Arts and Entertainment
Keira Knightley and Benedict Cumberbatch star in the Alan Turing biopic The Imitation Game

Review: The Imitation Game

film
Arts and Entertainment
The comedian Daniel O'Reilly appeared contrite on BBC Newsnight last night

comedy
Latest stories from i100
Have you tried new the Independent Digital Edition apps?

ES Rentals

    Independent Dating
    and  

    By clicking 'Search' you
    are agreeing to our
    Terms of Use.

    In a world of Saudi bullying, right-wing Israeli ministers and the twilight of Obama, Iran is looking like a possible policeman of the Gulf

    Iran is shifting from pariah to possible future policeman of the Gulf

    Robert Fisk on our crisis with Iran
    The young are the new poor: A third of young people pushed into poverty

    The young are the new poor

    Sharp increase in the number of under-25s living in poverty
    Greens on the march: ‘We could be on the edge of something very big’

    Greens on the march

    ‘We could be on the edge of something very big’
    Revealed: the case against Bill Cosby - through the stories of his accusers

    Revealed: the case against Bill Cosby

    Through the stories of his accusers
    Why are words like 'mongol' and 'mongoloid' still bandied about as insults?

    The Meaning of Mongol

    Why are the words 'mongol' and 'mongoloid' still bandied about as insults?
    Mau Mau uprising: Kenyans still waiting for justice join class action over Britain's role in the emergency

    Kenyans still waiting for justice over Mau Mau uprising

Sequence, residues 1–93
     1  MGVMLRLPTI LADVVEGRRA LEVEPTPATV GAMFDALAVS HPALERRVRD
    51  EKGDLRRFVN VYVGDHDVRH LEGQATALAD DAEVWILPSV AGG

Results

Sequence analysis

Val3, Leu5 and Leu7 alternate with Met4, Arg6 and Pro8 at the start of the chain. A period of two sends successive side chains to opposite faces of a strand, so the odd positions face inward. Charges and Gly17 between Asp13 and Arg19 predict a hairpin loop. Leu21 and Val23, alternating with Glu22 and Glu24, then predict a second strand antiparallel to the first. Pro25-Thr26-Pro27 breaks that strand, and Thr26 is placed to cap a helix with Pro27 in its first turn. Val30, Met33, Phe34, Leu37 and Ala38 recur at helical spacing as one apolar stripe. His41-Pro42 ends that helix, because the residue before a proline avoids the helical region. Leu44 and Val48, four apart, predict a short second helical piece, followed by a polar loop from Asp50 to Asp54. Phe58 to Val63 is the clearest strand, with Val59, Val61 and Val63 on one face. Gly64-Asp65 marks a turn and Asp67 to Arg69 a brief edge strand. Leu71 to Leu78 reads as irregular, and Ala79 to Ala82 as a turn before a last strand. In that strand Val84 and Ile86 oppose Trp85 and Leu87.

Thousands join class action over Britain's role in the emergency
    Isis in Iraq: The trauma of the last six months has overwhelmed the remaining Christians in the country

    The last Christians in Iraq

    After 2,000 years, a community will try anything – including pretending to convert to Islam – to avoid losing everything, says Patrick Cockburn
    Black Friday: Helpful discounts for Christmas shoppers, or cynical marketing by desperate retailers?

    Helpful discounts for Christmas shoppers, or cynical marketing by desperate retailers?

    Britain braced for Black Friday
    Bill Cosby's persona goes from America's dad to date-rape drugs

    From America's dad to date-rape drugs

    Stories of Bill Cosby's alleged sexual assaults may have circulated widely in Hollywood, but they came as a shock to fans, says Rupert Cornwell
    Clare Balding: 'Women's sport is kicking off at last'

    Clare Balding: 'Women's sport is kicking off at last'

    As fans flock to see England women's Wembley debut against Germany, the TV presenter on an exciting 'sea change'
    Oh come, all ye multi-faithful: The Christmas jumper is in fashion, but should you wear your religion on your sleeve?

    Oh come, all ye multi-faithful

    The Christmas jumper is in fashion, but should you wear your religion on your sleeve?
    Dr Charles Heatley: The GP off to do battle in the war against Ebola

    The GP off to do battle in the war against Ebola

    Dr Charles Heatley on joining the NHS volunteers' team bound for Sierra Leone
    Flogging vlogging: First video bloggers conquered YouTube. Now they want us to buy their books

    Flogging vlogging

    First video bloggers conquered YouTube. Now they want us to buy their books
    Saturday Night Live vs The Daily Show: US channels wage comedy star wars

    Saturday Night Live vs The Daily Show

    US channels wage comedy star wars
    When is a wine made in Piedmont not a Piemonte wine? When EU rules make Italian vineyards invisible

    When is a wine made in Piedmont not a Piemonte wine?

    When EU rules make Italian vineyards invisible